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Sixteen Antennas on Chajnantor Plateau

Sixteenth antenna of ALMA reaches the heights of Chajnantor Plateau in the Atacama Desert

The 16th antenna of the Atacama Large Millimeter/submillimeter Array (ALMA) has reached the heights of the Chajnantor Plateau, in the Atacama Desert of South America, after having been transported to the observatory's Array Operations Site (AOS). The 12-meter-diameter antenna, which was a European deliverable, has arrived at 5,000 meters above sea level where it joined antennas from the North American and the East Asian ALMA partners. Although this sounds like just another number, 16 is the number of antennas specified for ALMA to begin its first science observations, and is therefore an important milestone for the project. Soon, astronomers will begin conducting new scientific research with ALMA.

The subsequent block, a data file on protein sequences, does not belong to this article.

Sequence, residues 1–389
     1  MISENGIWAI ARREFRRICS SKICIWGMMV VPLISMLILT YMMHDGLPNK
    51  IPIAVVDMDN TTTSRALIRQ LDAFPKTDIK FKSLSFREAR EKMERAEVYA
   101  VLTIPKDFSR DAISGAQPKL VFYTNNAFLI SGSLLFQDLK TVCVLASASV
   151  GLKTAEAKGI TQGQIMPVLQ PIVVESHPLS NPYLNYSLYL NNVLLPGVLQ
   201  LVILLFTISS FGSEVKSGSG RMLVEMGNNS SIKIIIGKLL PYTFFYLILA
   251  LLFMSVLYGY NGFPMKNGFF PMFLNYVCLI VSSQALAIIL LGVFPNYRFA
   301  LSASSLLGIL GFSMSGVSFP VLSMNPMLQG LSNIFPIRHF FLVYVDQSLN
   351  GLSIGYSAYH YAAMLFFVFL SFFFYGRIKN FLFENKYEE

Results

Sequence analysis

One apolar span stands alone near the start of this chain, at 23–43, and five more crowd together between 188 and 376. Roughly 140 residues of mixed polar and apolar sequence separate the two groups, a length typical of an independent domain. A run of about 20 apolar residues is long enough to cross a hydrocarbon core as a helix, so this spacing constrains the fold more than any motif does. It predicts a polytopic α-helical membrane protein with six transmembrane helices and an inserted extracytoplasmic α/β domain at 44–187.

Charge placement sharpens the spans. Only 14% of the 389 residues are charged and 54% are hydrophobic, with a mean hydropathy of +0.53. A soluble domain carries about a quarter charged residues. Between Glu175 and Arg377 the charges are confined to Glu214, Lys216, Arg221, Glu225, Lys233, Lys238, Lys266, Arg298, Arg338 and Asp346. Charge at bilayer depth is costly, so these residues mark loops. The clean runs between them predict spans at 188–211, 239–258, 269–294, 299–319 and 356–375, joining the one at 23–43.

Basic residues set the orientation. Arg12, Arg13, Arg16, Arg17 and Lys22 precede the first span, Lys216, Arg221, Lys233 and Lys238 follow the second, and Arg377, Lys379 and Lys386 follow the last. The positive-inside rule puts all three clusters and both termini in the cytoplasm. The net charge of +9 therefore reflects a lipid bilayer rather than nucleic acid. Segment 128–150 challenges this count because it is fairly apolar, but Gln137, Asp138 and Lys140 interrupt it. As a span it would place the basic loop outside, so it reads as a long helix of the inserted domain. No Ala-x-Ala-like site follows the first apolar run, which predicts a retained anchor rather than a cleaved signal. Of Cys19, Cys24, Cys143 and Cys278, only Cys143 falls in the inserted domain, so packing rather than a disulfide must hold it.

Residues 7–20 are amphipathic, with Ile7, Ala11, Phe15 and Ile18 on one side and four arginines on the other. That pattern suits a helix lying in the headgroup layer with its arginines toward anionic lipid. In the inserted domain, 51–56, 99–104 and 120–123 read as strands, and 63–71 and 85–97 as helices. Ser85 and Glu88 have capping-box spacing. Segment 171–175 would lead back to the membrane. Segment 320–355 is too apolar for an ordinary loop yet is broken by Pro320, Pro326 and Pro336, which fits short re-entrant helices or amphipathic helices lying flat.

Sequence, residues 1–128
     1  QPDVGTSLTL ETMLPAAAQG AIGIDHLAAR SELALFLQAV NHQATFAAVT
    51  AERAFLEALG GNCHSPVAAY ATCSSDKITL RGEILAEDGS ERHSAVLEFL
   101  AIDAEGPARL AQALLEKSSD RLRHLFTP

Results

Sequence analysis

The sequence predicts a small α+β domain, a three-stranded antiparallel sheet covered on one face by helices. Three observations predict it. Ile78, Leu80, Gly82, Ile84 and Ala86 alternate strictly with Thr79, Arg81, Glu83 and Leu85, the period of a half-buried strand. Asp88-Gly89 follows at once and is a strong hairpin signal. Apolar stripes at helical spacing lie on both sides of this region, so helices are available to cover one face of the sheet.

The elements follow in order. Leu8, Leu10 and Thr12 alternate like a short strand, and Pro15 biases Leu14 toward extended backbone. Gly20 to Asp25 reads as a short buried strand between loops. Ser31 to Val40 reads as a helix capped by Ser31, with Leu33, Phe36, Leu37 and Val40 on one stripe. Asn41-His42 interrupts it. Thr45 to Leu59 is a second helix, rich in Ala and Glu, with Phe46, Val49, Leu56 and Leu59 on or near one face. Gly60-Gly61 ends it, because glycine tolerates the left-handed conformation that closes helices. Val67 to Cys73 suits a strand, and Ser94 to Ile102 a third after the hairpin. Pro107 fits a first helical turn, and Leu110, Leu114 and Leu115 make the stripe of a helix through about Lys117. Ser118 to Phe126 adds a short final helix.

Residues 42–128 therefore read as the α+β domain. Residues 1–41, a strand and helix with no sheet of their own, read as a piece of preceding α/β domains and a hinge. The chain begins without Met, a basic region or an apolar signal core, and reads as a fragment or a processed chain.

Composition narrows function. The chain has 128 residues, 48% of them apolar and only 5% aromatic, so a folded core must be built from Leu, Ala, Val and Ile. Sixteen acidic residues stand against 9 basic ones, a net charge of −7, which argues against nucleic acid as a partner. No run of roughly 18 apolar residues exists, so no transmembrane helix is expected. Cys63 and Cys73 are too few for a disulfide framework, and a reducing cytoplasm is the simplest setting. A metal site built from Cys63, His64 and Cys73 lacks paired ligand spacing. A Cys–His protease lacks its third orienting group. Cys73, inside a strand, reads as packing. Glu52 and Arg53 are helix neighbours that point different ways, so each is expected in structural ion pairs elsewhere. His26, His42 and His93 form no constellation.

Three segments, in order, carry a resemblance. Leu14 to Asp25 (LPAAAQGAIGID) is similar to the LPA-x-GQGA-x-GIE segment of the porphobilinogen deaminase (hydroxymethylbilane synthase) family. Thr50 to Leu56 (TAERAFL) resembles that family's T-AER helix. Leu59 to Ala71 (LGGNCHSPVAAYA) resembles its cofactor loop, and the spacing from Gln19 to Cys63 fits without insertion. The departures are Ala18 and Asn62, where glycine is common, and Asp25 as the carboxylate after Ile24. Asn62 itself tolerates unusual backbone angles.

ALMA is an international astronomy facility that is a partnership of Europe, North America and East Asia in cooperation with the Republic of Chile. It is funded in part by the National Science Foundation. To learn more, visit the ALMA website. (Date of Image: unknown)

Credit: ALMA (ESO/NAOJ/NRAO), R. Durán (ALMA)

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